The main feeders at the 120kW erp and 60kW erp stations, with the exception of those at Wrotham, consisted of flanged 12ft lengths of 3¼ ins diameter 50ohm co-axial feeders, associated anchor points and expansion joints manufactured by Marconi.

The original arrangement at the high power transmitter at Wenvoe:
The slotted structural cylinder of the VHF/ FM antenna is surmounted by a Cantilever Two Tier 100kW erp Band I 405 line TV Antenna. The mast on the left was used to carry antennas for the Band III BBC-1 Welsh Service.


Operational Problems

Most of the operational problems were associated with the 3¼ inch copper main feeders, in which the inners were held concentric with the outers by means of ceramic pegs protruding from pockets in the inner arranged in a helix at 1ft intervals These feeders had to allow for the differential expansion between copper and the steel of mast; also between the inners and outers of the feeders, as the inners run at a higher temperature than the outers as a consequence of the skin effect and differing diameters. Disc insulators were used every 120ft to anchor the inners to the outers, with expansion joints immediately below (except for the lowest runs of feeder). These sliding expansion joints had to be air tight and ensure that the characteristic impedance was maintained at all times, but in practice were prone to failure and, as I recollect, subsequently modified.

At Wenvoe and Sandale the antenna systems were required to transmit additional Welsh and Scottish programmes respectively, exacerbating the differential expansion problems, but in addition, after they had been in service for some time, flashovers occurred across the upper surfaces of the disc anchoring insulators. Careful examination revealed that this was due to copper dust on the surface of the insulators caused by the grinding action of the ceramic peg insulators as they moved relative to the outers due to differential expansion between the inners and outers. One solution considered was to fit a polythene cone with the top sliced off over the disc insulators in the hope that any copper dust would slide down the cone, or if not the tracking path would be lengthened. However the problem was overcome by fitting each ceramic peg with a polythene cap so that no copper dust was produced.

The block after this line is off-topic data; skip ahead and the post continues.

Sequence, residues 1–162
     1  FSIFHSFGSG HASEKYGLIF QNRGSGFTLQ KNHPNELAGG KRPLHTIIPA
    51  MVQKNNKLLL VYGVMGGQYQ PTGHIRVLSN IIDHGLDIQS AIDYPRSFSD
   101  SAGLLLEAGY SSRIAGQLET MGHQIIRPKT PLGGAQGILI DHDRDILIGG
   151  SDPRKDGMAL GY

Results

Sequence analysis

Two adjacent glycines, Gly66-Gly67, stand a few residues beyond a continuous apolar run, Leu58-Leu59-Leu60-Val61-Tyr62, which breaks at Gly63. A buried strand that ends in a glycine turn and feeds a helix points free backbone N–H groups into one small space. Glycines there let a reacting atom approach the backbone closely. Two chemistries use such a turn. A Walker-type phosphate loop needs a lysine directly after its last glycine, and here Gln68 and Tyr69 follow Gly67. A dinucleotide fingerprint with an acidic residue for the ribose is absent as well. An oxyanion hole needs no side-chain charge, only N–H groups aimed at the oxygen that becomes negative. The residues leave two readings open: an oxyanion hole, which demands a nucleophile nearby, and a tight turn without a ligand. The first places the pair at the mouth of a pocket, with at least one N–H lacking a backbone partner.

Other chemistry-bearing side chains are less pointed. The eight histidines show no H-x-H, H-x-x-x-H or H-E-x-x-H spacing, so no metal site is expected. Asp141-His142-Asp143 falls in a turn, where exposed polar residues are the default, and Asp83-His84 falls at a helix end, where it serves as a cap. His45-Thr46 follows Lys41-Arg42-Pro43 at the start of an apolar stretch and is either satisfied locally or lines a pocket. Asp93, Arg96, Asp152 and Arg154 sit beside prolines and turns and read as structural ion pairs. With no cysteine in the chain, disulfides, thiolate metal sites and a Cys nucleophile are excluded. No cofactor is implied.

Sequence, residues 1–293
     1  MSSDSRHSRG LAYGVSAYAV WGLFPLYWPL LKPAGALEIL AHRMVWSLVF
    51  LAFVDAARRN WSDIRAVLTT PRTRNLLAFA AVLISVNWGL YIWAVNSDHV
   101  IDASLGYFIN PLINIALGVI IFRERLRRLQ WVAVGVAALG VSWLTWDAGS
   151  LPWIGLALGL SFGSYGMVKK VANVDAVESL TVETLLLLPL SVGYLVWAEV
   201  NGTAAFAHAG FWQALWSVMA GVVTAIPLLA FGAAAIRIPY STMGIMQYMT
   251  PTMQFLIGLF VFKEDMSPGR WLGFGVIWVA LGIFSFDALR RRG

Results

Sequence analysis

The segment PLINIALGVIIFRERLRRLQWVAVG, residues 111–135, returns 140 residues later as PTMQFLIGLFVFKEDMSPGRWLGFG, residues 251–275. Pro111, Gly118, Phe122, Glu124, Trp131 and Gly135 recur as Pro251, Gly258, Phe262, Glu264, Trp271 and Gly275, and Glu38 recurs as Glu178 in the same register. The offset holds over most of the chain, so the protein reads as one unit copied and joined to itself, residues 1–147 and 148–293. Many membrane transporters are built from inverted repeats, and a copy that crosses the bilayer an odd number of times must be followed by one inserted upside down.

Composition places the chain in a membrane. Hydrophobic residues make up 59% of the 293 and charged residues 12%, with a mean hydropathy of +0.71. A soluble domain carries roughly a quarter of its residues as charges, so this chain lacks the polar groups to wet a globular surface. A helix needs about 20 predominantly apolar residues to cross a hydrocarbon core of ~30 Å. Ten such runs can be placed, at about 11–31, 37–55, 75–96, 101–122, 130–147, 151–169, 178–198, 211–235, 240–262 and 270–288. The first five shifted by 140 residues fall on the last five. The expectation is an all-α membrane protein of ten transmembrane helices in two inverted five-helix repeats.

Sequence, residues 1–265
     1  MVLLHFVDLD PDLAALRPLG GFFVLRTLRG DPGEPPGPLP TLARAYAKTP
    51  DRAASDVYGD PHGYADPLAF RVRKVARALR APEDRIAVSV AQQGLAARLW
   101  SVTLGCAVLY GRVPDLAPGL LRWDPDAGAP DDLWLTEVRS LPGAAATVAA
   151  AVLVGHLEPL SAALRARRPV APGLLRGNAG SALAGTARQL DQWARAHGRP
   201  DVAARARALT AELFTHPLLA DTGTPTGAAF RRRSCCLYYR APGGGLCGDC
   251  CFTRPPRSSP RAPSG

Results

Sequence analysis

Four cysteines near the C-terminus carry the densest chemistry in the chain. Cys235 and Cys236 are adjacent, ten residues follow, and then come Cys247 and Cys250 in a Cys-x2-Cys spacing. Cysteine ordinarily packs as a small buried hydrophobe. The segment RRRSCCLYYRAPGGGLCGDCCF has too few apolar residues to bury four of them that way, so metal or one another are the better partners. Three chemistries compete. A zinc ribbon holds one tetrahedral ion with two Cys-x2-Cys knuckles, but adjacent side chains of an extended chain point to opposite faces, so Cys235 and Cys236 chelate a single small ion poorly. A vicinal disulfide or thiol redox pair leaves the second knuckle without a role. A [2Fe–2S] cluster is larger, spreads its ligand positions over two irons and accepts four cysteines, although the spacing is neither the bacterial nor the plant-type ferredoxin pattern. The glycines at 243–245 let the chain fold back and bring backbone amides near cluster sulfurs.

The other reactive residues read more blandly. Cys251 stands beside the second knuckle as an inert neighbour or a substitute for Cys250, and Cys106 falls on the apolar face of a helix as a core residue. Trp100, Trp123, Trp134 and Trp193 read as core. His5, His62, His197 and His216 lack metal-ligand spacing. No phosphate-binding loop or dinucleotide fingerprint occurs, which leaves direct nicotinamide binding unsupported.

Antenna re-engineering at Wenvoe: the original mast on the right shows the re-engineered two tier 405 line antenna which permitted the erection of a UHF cantilever antenna for 625 line services.
The mast on the left shows the new UHF Antenna and re-engineered Mixed Polarised VHF/FM Antenna prior to the dismantling of the old mast and antennas.

At some stations, and in particular at Wenvoe, out of band intermodulation products were a problem, but these were overcome by TCPD designed low loss notch filters.

During severe winter weather ice on the slots at Holme Moss resulted in transmitters being shut down due to reflected power. Consideration was given to de-icing the slots with antifreeze, but it was soon apparent that a powerful pump would be required to pump liquids to a height of 600ft, apart from any other considerations. Fortunately by the nature of FM broadcasting higher reflections, relative to those permissible with TV transmissions, are acceptable and the icing problem was overcome by taking advantage of this relaxed requirement.